Dreams, mental manifestations that happen while we sleep and that, although it has been demonstrated that they are associated with a re-elaboration of the information of the memory and the emotions, still harbor numerous enigmas and mysteries.
Better or worse, dreams play an essential role in our mental health. So what would happen if we stopped dreaming? A similar phenomenon occurs with Charcot-Wilbrand syndrome , which we will discuss throughout this article.
What is Charcot-Wilbrand Syndrome?
Charcot-Wilbrand syndrome is a rare neurological condition in which the person who suffers from it experiences the feeling that he or she has lost the ability to dream . However, what really happens is that the patient suffers from a visual agnosia accompanied by the loss of the ability to remember mentally or the recovery of images in the mind; since according to studies the processes of REM sleep remain intact.
During the time we are asleep, our brain activity goes through five different phases. The last of these, known as the REM sleep phase (translated as Rapid Eye Movement) is characterized by intense brain activity. Thanks to this activity we can dream and our brain is able to capture information from our environment even when we are asleep.
Although at first glance it may seem that Charcot-Wilbrand syndrome is caused by some kind of abnormality in the brain activity of this phase, the truth is that studies point to the idea that, in reality, a lesion in the occipital lobe may be the main genesis of this sleep disorder or disorder.
The condition is named after case studies conducted by neurologist Jean-Martin Charcot and ophthalmology researcher Hermann Wilbrand. Although they worked separately, each made important contributions to the study of this syndrome.
As for Charcot’s research, it helped to determine that the main manifestation of the syndrome is the lack of ability to remember the images produced in dreams. Which implies the discovery that the person can dream, but is unable to remember it. As for Wilbrand’s contribution, it revolves around the discovery of the presence of agnosias as possible side conditions.
Charcot-Wilbrand syndrome is considered a rare condition because it has very little incidence in the population. Although this implies a lack of studies investigating it, it has been recognized as a condition related to focal brain damage.
Its possible negative effects
Although patients with this syndrome do not tend to suffer from a serious clinical picture or harmful effects derived from the clinical picture, it is hypothesized that dreams favour some relatively important functions for the person’s mental health. Among these benefits is the ability of dreams to favour learning processes .
In the same way, it has been postulated that a complete decrease in the ability to dream, or in this case to remember what was dreamt, can be linked to the development of obsessive states and even to suffering from certain types of hallucinations. Finally, some theories establish that dreams help in the development and preservation of emotions, and that the expression of emotions in dreams may enhance or help the expression of emotions in reality .
What symptoms do you have?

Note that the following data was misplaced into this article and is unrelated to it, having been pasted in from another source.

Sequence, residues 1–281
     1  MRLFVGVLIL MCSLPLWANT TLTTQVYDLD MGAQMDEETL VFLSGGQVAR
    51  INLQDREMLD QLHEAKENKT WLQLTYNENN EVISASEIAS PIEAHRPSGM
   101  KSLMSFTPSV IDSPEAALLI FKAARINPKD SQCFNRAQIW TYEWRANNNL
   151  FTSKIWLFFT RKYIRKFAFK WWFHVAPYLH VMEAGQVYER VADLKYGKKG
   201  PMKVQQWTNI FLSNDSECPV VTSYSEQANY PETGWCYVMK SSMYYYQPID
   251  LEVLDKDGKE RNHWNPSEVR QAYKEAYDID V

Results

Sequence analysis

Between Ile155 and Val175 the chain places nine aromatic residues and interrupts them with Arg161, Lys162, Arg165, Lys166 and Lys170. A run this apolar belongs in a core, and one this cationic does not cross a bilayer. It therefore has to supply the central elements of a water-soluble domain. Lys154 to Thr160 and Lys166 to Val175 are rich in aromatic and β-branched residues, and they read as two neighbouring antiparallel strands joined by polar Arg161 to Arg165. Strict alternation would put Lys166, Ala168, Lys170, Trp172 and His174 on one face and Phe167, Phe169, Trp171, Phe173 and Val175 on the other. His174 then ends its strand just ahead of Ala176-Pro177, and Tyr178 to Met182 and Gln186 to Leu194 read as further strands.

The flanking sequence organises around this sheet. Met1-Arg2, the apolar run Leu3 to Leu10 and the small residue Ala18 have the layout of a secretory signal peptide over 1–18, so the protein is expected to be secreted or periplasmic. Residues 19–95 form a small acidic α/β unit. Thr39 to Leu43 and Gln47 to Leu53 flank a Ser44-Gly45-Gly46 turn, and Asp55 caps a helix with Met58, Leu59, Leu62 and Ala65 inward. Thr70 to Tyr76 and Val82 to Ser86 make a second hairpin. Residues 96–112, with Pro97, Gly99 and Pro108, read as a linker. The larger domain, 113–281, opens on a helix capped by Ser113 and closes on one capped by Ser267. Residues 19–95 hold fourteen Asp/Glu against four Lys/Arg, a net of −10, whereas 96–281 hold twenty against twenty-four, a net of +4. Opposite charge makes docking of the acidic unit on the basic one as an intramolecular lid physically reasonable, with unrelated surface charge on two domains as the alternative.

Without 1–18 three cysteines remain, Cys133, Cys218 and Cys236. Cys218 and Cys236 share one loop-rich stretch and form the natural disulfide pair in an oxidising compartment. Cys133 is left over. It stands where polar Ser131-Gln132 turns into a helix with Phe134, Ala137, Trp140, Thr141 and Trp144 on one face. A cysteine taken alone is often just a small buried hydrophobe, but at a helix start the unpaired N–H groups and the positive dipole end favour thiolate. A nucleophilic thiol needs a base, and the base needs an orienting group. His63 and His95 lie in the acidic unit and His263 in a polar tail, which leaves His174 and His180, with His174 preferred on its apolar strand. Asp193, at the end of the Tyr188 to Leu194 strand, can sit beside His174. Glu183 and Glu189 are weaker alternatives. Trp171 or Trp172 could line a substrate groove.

There are two different classifications that include the symptoms of Charcot-Wilbrand syndrome . The first of these is based on the studies carried out by the researchers of the syndrome described above. While the second classification, much more current, is based on the type of injury that causes it and on the analysis of the REM sleep of the patients.
1. Traditional classification
From the first studies, the symptomatology of Charcot-Wilbrand syndrome was reduced to the following symptoms:
- Problems of visual reminiscence.
- Topographical agnosia.
2. Modern classification
However, the most recent studies describe the clinical picture of this syndrome based on the type of injury and the evaluation of the patients’ REM sleep. These case studies were carried out by means of tests such as polysomnography , which studies multiple parameters of sleep, accompanied by the determination of patterns in the stages of sleep.
In conclusion, the new definition of the symptoms of Charcot-Wilbrand syndrome is specified as an association between the loss of the ability to evoke visual images or memories which is translated or manifested as a loss of dreams.
What are the causes?
In those patients who experience a loss of visual images during sleep, it has been possible to identify a series of injuries due to acute onset of thrombosis, bleeding, trauma or carbon monoxide poisoning, thus establishing them as possible causes of Charcot-Wilbrand syndrome.
In addition, other conditions or conditions that have a more gradual development, such as the appearance of tumor masses in the brain tissue or an abnormal embryonic development of the corpus callosum have also been associated with this syndrome. Cases of Charcot-Williams have also been found among some patients with Alzheimer’s disease and Turner syndrome.
As for the location of brain injuries, the damage is most frequently located in the lateral or mesial (middle) occipital-temporal areas of the brain and almost always bilaterally. However, no more exact or precise location could be found at present.
Treatment and prognosis
Because of the nature of this condition, there is no specific or effective treatment for Charcot-Wilbrand syndrome yet. However, there have been cases where there is a gradual recovery of the ability to recall dreams.
Although the exact cause of recovery has not yet been determined, it will depend on the severity of the brain damage as well as the primary cause of the disease. Depending on these factors, the patient may experience full recovery, partial recovery, or no remission of symptoms at all.